The Background of John A. Nejedly
John A. Nejedly was elected to represent the 7th Senatorial District in a Special Election on March 25, 1969. He was then serving as the District Attorney and County Counsel of Contra Costa County, in his third term.
The Senator is a native of Oakland, where he attended public schools. He graduated from the University of California, Berkeley, in 1935, with a Bachelor of Science degree in Business Administration and received his Bachelor of Laws degree in 1941 at the University’s School of Law, Boalt Hall. Nejedly is the father of three children, Mary, John T., and James.
In 1942, John Nejedly served in the United States Air Force as a Japanese language officer, Air Technical Intelligence, during World War II. Honorably discharged in 1946, he became the Deputy District Attorney of Contra Costa County and City Attorney of Walnut Creek, the post he held until 1959 when he was elected District Attorney.
The incredible development of Contra Costa County after WWII required a long-term protocol for growth of Walnut Creek and the central area.
The program adopted: The “Little Master Plan” presented an opportunity for Nejedly as City Attorney to join the City Council, Staff, and Community leaders in securing elimination of downtown traffic congestion by the Freeway, federal funding for culverting Walnut Creek, which eliminated periodic flooding, and provided the open surface area for the central commercial district.
In addition, the successful annexation to the East Bay Municipal Utility District, which also empowered the City Council to include later annexed areas into the EBMUD, an attraction which prompted area consolidation.
The need for funds to finance development of the plan promoted a search for financing, and legislation authorizing revenue bonds to be amortized by parking meter revenues on not yet constructed city streets was secured.
The San Miguel Hot Mix Plant required removal. Service by the Contra Costa Sanitary District was secured, planning to maintain the present ambiance of South Main Street was enacted, a complicated annexation of Rossmoor and permanence of attractive environmental setting was effected, and the foundations for the successful commercial and attractive community that the Walnut Creek area is today was provided for.
As State Senator, major legislation authored by Nejedly includes the Pesticide Control Act, including the elimination of DDT, the Solid Waste Management and Resource Recovery Act of 1972, the Forest Protective Act of 1973, the Suisun Marsh Preservation Act of 1974, the Wilderness Act of 1974, the Surface Mining and Reclamation Act of 1975, the Urban and Coastal Park Bond Act of 1976, the Litter Control, Recycling and Resources Recovery Act of 1972, the Rare or Endangered Native Plant Act of 1977, the Parklands and Renewable Resources Investment Program Act of 1980, the Hazardous Substances Information and Training Act of 1980, the State Toxic Disaster Contingency Plan Act of 1980, the Sierra Valley and Long Valley Groundwater Basin Act of 1980, the California Parklands Act of 1980, the Solid Waste Management Act of 1980, and numerous bills relating to the state park system, wildlife protection and management, and forestry.
Other Nejedly bills have dealt with law enforcement and administration of justice, local government organization and planning, and public health and consumer protection. For his efforts in conservation of the environment, Nejedly received the American Motors Award in 1966 as one of the “Ten Outstanding Americans in the Field of Conservation.”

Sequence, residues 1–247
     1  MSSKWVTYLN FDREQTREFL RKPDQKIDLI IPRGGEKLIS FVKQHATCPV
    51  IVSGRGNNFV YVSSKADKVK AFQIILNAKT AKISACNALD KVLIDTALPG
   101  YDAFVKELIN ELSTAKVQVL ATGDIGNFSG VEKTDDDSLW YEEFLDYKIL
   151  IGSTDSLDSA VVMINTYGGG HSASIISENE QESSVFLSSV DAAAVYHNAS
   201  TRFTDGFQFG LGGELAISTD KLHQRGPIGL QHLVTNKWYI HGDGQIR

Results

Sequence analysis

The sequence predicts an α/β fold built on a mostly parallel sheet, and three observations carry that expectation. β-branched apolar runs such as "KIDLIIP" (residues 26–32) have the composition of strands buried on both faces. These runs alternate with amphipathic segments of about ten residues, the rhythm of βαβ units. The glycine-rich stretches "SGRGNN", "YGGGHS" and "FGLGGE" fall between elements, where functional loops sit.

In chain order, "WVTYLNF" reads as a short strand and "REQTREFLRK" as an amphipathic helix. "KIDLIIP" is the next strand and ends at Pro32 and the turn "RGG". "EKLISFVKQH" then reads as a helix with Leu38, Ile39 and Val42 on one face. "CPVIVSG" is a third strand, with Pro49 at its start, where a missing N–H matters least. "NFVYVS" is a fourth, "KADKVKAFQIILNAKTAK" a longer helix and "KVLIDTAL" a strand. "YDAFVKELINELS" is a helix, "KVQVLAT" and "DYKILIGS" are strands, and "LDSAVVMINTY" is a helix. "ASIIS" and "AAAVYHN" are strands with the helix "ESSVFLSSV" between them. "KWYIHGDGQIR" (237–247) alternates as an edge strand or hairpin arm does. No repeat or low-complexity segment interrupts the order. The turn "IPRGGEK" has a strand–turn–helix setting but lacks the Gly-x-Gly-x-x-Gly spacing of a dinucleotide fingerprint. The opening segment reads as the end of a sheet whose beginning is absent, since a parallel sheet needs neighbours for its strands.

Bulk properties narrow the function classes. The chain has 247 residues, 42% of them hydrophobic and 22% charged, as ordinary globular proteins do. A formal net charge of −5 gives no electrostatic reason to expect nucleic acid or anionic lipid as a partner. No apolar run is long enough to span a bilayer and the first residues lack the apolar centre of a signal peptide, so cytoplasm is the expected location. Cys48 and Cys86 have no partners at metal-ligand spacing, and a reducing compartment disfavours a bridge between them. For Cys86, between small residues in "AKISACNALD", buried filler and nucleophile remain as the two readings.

Throughout his legislative career, Nejedly has consistently and successfully pursued the goal of providing for the wisest management of the public’s natural resources for the future -- specifically, our Mt. Diablo State Park and its expansion and open-space preservation throughout the State.
Nejedly was the author of the sentencing reform of Criminal Justice sentencing procedures as the author of the Determinate Sentencing Act, which fixed terms for criminal sentences. This was the most significant legislative development in California’s criminal justice system in over 60 years.
The Senator served as Chairman of the Senate Committee on Natural Resources and Wildlife and was a member of the Finance and Judiciary Committees. He was also a member of the Joint Committee for the Revision of the Penal Code, the Joint Legislative Audit Committee, the Wildlife Conservation Board, and Vice Chairman of the Joint Advisory Committee on State Prison Facilities and Incarceration Alternatives.
Active in community affairs, John Nejedly was Counsel for and President of the John Muir Memorial Hospital Board of Directors, a Charter member and Counsel for the Alexander Lindsay, Jr. Wildlife Museum, Chairman of the Contra Costa Water District Citizens’ Committee for Approval of the Los Vaqueros Reservoir Project, Chairman of the County Board of Supervisors Committee on Pre-Trial Release and Criminal Justice, County Water Inventory Committee and County Negotiating Committee for Water. He was also a member of the Council of Community Services, Park and Recreation Council, a member of the County Health Association, and of the Children’s Vision Center of the East Bay.
Nejedly is the Founder and first President of the California Association of Sanitation Agencies and the Contra Costa Youth Council which, since 1955, has provided counseling, educational programs, Easter Seals’ handicapped camping activities, and services for the Orin Allen Youth Rehabilitation Facility in Byron in Scouting and “Read to Live” development.
He is an Eagle Scout and has been a Scoutmaster and New Units Chairman of the Mt. Diablo Silverado Council of the Boy Scouts of America, a member of the Bay Area Health Facilities Association, and a member of the faculty of St. Mary’s College in Moraga and the University of California Berkeley, Engineering Extension.
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